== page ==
Ripping and Burning Songs

Over the years, we have all purchased a lot of music CDs or, as some of us still call them, albums. Many of those albums, unfortunately, have only two or three songs we really liked, so playing the whole album wasn't what we wanted. As a result, we created collections of our favorite songs on tape and played the tapes, instead.

These days, with the help of our Linux systems, we can create our own collections from those albums we have purchased and create CD collections of those songs we want to hear. Furthermore, if you have lots of disk space and you spend a lot of time at your computer, nothing beats a collection of songs ready to play without having to change CDs all the time. Pulling songs from a CD and saving them to your system as digital images is what is commonly referred to as ripping.

Intermezzo: Digital Audio Formats

Before I get into the mechanics of ripping and burning songs, I'd like to spend a small amount of time discussing music formats. When you purchase a CD, the songs on that CD are in a format not generally used by your system. In fact, when we copy songs to disk from a CD, we always encode it into another, usually more compact format. The format we transfer to is identified by a three-letter extension on the file name. The most common formats are .wav, .mp3, and (more recently) .ogg.

The wav format is one originally created by Microsoft. It is extremely common but not the most efficient in terms of compression. The mp3 format (from the Motion Pictures Experts Group, aka MPEG) on the other hand, owes its popularity to the high compression ratio it uses?about 12:1. The newcomer on the block is the ogg (or Ogg Vorbis) format. Like mp3, it boasts a high compression rate, but unlike mp3, it is completely unencumbered by patents.

To give you an idea of the compression values, I ripped a 3-minute, 46-second song to wav format. It came in at 39866444 bytes, while the same song in ogg format required only 3438407 bytes. If you do the math, that is a ratio of 11.6:1. Pretty impressive reasons for not using wav format files.


Most distributions will come with Grip, a CD ripper designed for the GNOME desktop. As I've explained before, being GNOME-based doesn't stop this program from doing its job under KDE. Using a library called cdparanoia (which I will discuss later), Grip makes it possible to create MP3s or OGGs easily from your favorite CD. If the program is installed, you will likely find it in your multimedia menu. You can also call it by its program name (using the shell or the <Alt+F2> program launcher), grip.

Grip consists of a single window with multiple tabs. Each tab presents you with a window from which various functions are performed (i.e., Tracks, Rip, and Config). The main Tracks tab features a list of the current CD's audio tracks, including track number, title, and length in minutes and seconds. The CD's title and artist appear just above the track window.

As you can probably tell by looking at Figure 17-10, Grip is also a CD player. Using the buttons at the bottom of the program window, you can play, pause, fast forward, or pause playback, just as you did with KsCD. The extra buttons let you open or close the CD-ROM drive, change the volume, edit tracks, perform track lookups, or switch to compact, player-only mode (Figure 17-11). If you move your mouse over the buttons and pause, tooltips will appear, informing you of the various button functions.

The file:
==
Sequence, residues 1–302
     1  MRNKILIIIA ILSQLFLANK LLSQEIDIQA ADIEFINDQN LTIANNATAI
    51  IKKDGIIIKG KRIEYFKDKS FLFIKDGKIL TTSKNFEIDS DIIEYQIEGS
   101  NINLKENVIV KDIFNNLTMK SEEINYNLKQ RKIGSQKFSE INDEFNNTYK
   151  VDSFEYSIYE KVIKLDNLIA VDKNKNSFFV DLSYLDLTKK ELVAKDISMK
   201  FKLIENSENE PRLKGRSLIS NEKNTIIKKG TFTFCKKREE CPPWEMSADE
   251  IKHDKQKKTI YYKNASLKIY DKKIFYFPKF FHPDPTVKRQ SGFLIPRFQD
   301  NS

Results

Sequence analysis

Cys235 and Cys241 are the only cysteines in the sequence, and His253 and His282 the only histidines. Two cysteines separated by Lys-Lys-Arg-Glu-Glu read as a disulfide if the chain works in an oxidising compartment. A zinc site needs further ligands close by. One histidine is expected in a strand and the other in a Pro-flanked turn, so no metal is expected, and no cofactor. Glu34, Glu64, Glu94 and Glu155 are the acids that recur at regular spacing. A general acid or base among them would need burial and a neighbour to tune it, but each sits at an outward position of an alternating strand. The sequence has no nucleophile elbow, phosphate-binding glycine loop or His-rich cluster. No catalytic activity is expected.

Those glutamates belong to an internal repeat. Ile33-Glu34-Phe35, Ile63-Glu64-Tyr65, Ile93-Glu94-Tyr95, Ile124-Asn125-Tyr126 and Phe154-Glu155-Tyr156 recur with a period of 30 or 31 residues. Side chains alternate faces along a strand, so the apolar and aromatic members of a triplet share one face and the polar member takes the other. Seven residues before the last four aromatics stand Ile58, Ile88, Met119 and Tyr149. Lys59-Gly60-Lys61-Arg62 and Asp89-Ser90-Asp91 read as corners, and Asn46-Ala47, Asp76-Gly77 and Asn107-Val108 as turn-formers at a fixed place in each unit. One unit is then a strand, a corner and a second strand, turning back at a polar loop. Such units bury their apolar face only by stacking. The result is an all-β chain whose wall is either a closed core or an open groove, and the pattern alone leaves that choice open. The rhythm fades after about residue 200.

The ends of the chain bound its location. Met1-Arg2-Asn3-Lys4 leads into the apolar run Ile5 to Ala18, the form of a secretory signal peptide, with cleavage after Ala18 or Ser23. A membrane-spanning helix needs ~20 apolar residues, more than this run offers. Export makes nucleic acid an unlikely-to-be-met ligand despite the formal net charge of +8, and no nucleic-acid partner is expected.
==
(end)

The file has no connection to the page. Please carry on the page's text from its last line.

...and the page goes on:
Figure 17-10. Grip ripping songs from a CD.


Figure 17-11. A more compact Grip.


To rip tracks to disk, either right-click on the track name or left-click under the Rip column heading at the track name's far right. In either case, a checkmark will appear, indicating that the track is ready for ripping. You can also quickly select all the tracks by clicking on the Rip column label. When you have selected the titles you wish to rip, click the Rip tab (Figure 17-12).

Figure 17-12. Ready to start extracting songs.


If you just go ahead and click Rip Only, the track will be saved in wav format (remember our discussion of compression). Click Rip+Encode, however, and Grip will encode and compress the disk file into ogg or mp3 format. The default encode is ogg format. To save as mp3, you will need an mp3 encoder, such as bladeenc or lame (check for binary RPMs or check the resources section at the end of this chapter).

When the process starts, a progress indicator bar (about two-thirds of the way down) will detail the status of the rip. The resulting songs will be saved in your home directory under a folder called mp3, using the following format.


You can change this default by clicking the Config tab and selecting MP3, Encoder. There are a lot of possible settings here: dealing with the ripping process itself, MP3 encoders, online disc information servers, and file formats. The options are many, but the defaults are probably all you need if you are just writing songs to your disk. Grip comes with excellent help files for every part of this process. If you get stuck, just click the Help tab.

You'll notice I said to your disk at the end of the last paragraph? That's because Grip is strictly a ripping and encoding program. If you want to get those songs burned to CDs, you'll need a CD burning package. Luckily, this won't be a problem.